The media's annual bout of blindness
Dozens of professional journalists, particularly in the vicinity of Washington, DC, are showing early signs of a strange illness that strikes, oddly enough, at exactly this time each year. The illness causes restricted vision, so that reporters fail to notice large-scale events.
The disease—to which medical professionals have not yet assigned a name—makes it almost impossible for major-media reporters to notice tens of thousands of people marching up Constitution Avenue. Because the disease also causes mental disorientation, reporters fail to notice traffic jams, sold-out hotels, crowded Metro cars, and an unusual number of young people carrying pro-life placards around Capitol Hill.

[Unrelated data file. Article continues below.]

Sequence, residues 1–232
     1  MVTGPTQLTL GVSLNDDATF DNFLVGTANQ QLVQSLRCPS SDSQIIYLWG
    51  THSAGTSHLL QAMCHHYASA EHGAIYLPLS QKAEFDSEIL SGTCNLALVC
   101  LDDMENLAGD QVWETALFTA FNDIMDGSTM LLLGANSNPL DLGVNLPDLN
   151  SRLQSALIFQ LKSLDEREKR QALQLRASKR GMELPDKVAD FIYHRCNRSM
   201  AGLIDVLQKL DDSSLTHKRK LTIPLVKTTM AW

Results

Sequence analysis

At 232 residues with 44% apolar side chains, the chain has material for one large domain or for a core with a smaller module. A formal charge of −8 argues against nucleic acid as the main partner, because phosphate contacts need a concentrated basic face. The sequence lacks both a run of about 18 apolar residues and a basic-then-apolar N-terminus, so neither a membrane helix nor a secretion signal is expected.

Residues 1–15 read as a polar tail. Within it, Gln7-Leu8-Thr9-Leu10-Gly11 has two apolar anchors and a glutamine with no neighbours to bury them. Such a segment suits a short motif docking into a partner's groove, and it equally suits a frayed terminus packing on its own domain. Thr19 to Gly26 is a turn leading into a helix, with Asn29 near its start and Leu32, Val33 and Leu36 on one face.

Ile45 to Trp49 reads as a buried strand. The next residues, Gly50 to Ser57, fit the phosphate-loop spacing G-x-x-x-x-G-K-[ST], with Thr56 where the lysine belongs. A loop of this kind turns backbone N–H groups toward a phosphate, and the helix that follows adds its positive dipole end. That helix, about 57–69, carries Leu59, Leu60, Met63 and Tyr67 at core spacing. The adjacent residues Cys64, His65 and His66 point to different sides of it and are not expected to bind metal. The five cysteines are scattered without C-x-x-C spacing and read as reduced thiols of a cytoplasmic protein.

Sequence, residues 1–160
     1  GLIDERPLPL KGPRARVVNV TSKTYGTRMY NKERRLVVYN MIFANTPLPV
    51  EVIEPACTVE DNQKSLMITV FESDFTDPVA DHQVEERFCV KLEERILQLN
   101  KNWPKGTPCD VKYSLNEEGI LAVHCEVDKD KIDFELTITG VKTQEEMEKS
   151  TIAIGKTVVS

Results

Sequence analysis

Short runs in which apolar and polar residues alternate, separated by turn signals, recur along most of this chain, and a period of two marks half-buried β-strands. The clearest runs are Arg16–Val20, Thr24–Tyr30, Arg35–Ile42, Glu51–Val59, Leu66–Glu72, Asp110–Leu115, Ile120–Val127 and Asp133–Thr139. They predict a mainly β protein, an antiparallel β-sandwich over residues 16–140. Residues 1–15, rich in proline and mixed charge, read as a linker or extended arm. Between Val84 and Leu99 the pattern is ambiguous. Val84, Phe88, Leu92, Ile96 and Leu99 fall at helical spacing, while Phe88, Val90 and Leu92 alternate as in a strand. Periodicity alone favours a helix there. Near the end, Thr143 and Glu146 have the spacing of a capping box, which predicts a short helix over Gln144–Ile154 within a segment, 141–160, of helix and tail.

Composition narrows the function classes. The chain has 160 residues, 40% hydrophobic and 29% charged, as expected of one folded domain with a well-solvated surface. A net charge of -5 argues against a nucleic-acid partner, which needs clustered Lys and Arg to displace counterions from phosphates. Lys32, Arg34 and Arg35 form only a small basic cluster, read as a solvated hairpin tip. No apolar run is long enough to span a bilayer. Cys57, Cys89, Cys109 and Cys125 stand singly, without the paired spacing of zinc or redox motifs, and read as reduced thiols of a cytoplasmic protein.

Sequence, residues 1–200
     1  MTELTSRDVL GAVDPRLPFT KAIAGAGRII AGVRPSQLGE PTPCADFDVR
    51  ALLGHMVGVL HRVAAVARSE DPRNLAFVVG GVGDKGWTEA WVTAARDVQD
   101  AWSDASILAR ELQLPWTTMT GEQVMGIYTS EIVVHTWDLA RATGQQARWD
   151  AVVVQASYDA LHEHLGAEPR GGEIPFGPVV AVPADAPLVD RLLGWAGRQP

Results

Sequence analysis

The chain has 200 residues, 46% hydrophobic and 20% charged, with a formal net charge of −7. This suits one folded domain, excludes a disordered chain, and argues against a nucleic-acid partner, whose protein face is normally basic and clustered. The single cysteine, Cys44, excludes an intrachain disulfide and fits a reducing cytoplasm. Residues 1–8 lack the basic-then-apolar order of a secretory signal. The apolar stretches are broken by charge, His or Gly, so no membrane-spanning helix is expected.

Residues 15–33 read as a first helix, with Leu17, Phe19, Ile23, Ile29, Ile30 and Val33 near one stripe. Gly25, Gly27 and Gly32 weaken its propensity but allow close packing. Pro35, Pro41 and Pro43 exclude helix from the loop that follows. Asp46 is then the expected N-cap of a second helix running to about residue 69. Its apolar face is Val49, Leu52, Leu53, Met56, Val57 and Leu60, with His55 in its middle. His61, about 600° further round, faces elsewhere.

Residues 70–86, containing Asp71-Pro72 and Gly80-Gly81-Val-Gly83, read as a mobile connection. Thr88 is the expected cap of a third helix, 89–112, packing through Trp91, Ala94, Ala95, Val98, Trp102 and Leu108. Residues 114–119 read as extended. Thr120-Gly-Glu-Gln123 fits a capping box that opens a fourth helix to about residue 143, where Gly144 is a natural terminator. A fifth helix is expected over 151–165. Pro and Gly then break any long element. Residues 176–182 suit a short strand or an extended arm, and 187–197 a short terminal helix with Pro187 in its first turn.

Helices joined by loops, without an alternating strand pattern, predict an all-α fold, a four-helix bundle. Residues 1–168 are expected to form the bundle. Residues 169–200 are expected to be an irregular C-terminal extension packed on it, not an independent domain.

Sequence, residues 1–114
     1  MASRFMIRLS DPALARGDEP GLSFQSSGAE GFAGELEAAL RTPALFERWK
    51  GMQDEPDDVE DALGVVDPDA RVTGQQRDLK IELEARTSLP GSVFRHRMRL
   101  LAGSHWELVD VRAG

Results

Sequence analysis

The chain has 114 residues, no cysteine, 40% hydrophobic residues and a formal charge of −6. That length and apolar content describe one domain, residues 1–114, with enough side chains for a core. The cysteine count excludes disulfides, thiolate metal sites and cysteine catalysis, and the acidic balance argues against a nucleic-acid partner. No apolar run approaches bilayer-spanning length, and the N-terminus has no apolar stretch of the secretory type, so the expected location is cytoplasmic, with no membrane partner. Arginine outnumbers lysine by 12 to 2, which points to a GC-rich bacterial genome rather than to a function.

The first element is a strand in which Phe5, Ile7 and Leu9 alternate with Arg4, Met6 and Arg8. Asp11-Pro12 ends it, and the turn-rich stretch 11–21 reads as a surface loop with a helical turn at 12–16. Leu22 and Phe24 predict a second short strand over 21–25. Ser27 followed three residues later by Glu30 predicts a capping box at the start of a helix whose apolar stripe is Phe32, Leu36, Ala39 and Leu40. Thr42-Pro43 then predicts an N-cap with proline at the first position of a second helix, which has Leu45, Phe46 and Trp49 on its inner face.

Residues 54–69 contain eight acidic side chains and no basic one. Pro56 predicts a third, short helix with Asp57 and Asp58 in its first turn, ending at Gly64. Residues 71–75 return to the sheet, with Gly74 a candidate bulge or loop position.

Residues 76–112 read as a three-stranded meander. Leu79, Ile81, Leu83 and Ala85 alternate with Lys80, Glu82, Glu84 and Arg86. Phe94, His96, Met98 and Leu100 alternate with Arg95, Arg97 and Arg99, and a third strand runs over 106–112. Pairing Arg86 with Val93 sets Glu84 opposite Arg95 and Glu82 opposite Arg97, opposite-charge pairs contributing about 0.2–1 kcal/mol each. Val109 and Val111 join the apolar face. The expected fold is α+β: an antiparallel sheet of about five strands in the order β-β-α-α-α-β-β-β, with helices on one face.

This remarkable malady invariably claims reporters from mainstream media outlets as its first victims. But the disease is highly contagious, and other reporters—including those outside Washington—frequently show the same symptoms.
Fortunately the disease passes quickly, typically lasting only about 36 hours. Victims will recover completely by January 23, and by Friday even inexperienced journalists will be able to recognize a potential headline story immediately if a half-dozen people gather outside the Japanese embassy to protest the killing of innocent dolphins.
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